Post List

  • August 18, 2010
  • 03:50 AM

Vitamin A: The Key to A Tolerant Immune System?

by Michael Ash in Nutri-Link Ltd - Clinical Education

By Michael Ash, BSc(Hons). DO. ND. FellowDipION Vitamin D and Vitamin A are essential co-partners in immunological and bone health.[1],[2] I’m particularly excited about vitamin A because of its profound effects on the gut mucosal immune system—a specialty of mine. Just as vitamin D has attracted attention for its ability to increase antimicrobial peptides and [...]... Read more »

  • August 18, 2010
  • 12:27 AM

Conversations really DO take two.

by Scicurious in Neurotic Physiology

You’ve all heard it takes two to tango. And it certainly takes two (or more) to argue. And now, apparently it really does take two to have a conversation. Stephens et al. “Speaker–listener neural coupling underlies successful communication” PNAS, 2010. We know that real verbal communications requires both a speaker and a listener (often they [...]... Read more »

Stephens GJ, Silbert LJ, & Hasson U. (2010) Speaker-listener neural coupling underlies successful communication. Proceedings of the National Academy of Sciences of the United States of America, 107(32), 14425-30. PMID: 20660768  

  • August 17, 2010
  • 11:57 PM

Bruneau Sand Dune tiger beetles caught in the act!

by Ted MacRae in Beetles in the Bush

The newest issue of CICINDELA (“A quarterly journal devoted to Cicindelidae”) contains an interesting article by my good friend and fellow tiger beetle enthusiast Kent Fothergill, who presents a fascinating sequence of photos documenting a field encounter with a mating pair of the endangered Bruneau Sand Dune tiger beetle (Cicindela waynei) (Fothergill 2010).  This is one of [...]... Read more »

Fothergill, K. (2010) Observations on mating behavior of the Bruneau Dune tiger beetle, Cicindela waynei Leffler (Coleoptera: Carabidae: Cicindelinae). CICINDELA, 42(2), 33-45. info:/

  • August 17, 2010
  • 08:41 PM

The Dental Evidence for Agriculture

by teofilo in Gambler's House

I’ve recently been discussing stable isotope analysis as a way to directly determine dietary practices from skeletal evidence, and that is certainly a powerful tool in learning about past societies, but there are some drawbacks to it.  Like all complicated laboratory procedures, it’s expensive, and it has the additional problem of being destructive.  If it’s [...]... Read more »

  • August 17, 2010
  • 05:31 PM


by Invader Xan in Supernova Condensate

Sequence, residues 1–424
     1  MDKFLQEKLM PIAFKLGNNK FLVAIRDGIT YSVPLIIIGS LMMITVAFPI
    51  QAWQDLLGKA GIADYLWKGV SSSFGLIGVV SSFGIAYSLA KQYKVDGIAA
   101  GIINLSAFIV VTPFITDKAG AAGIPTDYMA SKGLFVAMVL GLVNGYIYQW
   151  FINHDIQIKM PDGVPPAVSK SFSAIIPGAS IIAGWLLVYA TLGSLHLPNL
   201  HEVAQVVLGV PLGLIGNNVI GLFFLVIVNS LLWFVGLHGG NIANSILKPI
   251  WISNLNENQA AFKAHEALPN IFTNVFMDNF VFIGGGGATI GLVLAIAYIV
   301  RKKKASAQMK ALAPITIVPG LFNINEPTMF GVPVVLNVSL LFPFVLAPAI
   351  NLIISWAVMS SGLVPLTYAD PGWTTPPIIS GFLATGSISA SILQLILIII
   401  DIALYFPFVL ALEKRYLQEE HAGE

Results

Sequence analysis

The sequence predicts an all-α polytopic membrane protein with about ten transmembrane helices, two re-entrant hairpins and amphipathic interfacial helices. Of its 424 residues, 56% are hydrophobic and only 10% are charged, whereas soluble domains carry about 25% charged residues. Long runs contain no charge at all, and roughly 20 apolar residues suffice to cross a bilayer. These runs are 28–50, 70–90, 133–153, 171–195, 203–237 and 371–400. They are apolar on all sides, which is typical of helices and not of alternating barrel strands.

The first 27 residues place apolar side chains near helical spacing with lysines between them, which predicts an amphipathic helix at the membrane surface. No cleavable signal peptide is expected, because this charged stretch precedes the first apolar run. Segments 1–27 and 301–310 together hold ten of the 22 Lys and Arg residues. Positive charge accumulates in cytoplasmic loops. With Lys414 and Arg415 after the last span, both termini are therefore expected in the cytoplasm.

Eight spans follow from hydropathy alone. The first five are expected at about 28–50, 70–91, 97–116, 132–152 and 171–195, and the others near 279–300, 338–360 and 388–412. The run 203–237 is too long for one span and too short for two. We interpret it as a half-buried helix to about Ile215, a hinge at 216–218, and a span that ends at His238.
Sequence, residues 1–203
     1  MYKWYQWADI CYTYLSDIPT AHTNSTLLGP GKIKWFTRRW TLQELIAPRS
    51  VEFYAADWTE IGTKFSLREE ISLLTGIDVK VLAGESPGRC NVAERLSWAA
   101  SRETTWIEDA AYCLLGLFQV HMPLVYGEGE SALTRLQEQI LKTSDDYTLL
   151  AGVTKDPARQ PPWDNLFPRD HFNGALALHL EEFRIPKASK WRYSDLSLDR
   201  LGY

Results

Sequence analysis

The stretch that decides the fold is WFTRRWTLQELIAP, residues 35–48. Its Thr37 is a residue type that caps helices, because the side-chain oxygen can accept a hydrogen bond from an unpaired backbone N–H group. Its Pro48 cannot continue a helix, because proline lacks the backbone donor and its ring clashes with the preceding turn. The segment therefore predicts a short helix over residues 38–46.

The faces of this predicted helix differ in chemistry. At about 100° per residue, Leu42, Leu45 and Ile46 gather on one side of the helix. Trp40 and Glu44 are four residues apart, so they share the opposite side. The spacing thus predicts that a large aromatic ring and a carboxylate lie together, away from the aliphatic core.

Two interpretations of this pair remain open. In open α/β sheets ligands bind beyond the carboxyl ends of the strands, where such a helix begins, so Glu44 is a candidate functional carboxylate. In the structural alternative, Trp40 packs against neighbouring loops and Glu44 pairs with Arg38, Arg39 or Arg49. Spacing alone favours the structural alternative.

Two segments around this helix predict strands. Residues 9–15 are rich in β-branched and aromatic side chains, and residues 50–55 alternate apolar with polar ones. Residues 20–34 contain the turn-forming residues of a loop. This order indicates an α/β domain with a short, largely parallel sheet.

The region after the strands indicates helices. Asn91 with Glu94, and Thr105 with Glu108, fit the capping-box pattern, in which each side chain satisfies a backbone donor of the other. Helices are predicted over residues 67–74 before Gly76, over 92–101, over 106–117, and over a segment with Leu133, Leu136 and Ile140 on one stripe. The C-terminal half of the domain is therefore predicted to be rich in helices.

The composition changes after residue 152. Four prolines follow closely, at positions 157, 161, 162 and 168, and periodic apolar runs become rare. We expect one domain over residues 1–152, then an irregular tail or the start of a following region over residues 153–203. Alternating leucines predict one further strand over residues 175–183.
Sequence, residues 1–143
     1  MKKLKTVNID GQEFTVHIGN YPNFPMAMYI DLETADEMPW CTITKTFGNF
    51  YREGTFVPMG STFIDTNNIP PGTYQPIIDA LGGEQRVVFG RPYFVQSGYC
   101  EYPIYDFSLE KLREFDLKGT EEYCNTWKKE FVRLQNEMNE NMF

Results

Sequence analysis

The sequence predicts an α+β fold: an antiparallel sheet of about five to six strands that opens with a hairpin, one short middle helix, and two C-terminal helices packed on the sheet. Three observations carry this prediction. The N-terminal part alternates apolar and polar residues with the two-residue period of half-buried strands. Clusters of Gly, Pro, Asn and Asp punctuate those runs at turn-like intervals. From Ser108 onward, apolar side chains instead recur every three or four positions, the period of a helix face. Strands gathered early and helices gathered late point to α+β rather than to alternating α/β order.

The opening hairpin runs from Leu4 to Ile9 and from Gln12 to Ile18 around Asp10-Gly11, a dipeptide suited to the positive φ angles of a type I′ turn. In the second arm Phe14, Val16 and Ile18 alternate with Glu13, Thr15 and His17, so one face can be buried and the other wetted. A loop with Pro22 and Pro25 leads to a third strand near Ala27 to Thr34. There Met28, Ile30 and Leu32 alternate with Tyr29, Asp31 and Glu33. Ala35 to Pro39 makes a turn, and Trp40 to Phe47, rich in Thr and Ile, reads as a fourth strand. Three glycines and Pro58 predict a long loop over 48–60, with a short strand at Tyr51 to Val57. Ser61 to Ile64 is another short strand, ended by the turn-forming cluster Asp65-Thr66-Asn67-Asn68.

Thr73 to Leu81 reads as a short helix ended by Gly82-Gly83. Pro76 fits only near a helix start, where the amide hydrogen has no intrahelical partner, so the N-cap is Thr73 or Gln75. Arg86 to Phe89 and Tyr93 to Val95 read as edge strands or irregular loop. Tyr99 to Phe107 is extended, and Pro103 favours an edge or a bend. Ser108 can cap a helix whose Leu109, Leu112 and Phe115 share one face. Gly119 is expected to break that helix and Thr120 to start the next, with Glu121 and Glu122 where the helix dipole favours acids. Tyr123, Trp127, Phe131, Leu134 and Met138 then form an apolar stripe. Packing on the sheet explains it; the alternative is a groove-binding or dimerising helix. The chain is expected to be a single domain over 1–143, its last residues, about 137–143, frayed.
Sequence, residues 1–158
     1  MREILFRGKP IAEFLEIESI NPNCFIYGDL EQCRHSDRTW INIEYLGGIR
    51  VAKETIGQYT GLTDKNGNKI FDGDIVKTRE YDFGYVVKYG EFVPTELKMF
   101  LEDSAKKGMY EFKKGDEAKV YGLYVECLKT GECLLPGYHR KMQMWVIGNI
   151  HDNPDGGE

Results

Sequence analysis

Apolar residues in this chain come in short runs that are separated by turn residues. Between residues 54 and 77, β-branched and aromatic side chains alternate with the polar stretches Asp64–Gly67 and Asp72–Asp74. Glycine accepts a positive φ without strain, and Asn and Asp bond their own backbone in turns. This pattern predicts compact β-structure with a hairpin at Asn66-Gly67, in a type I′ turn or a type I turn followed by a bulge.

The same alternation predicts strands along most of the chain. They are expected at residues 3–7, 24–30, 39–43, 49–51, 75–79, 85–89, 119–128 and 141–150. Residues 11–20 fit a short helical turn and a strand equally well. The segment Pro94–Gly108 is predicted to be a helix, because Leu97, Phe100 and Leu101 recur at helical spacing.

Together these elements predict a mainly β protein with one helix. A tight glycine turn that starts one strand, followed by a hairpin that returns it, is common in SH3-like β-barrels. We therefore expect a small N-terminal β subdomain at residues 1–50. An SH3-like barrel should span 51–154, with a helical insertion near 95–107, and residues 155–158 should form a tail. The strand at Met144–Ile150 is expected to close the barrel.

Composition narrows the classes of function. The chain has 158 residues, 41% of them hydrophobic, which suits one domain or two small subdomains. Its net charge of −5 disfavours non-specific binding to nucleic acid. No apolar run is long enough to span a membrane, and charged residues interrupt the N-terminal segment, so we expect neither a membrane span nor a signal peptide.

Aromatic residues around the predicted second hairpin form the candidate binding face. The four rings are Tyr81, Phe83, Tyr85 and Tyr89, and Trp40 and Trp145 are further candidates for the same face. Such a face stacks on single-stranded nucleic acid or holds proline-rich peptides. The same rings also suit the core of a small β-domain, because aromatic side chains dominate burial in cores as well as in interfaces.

Causing quite a big stir in the astrochemical world recently is the astronomical detection of C60, more popularly known as fullerene. This is kind of a big deal. Fullerenes have been known about since the 1980s when Harry Kroto et al first created them by vapourising graphite with electrical discharges. Since then, it’s been found that C60 molecules are very stable and readily formed molecules. Lots of people have hypothesised them existing in space, but up until now there’s been no ........ Read more »

  • August 17, 2010
  • 05:30 PM

What The Internet Thinks About Antidepressants

by Neuroskeptic in Neuroskeptic

Toronto team Rizo et al offer a novel approach to psychopharmacology: trawling the internet for people's opinions. It's a rapid, web-based method for obtaining patient views on effects and side-effects of antidepressants.They designed a script to Google the names of several antidepressants in the context of someone who's taking them, and checks to see if they describe any side-effects.A large number of URLs were rapidly screened through Google Search™, using one server situated in Ohio, USA. T........ Read more »

  • August 17, 2010
  • 05:01 PM

Hitchhiking through the nervous system

by Lab Rat in Lab Rat

I while ago I wrote a post about how virus's get from the outside of the cell to the interior of the nucleus and found that virus particles are able to hitchhike on the cells internal transport systems. I was quite interested therefore to find a paper in Nature Reviews (reference below) that revealed that not only do virus's latch on to host proteins to travel around inside the cell, they also use host extracellular processes for travelling around the body. And outside the cell it's not just vir........ Read more »

  • August 17, 2010
  • 04:24 PM

So What Did the Turkeys Eat?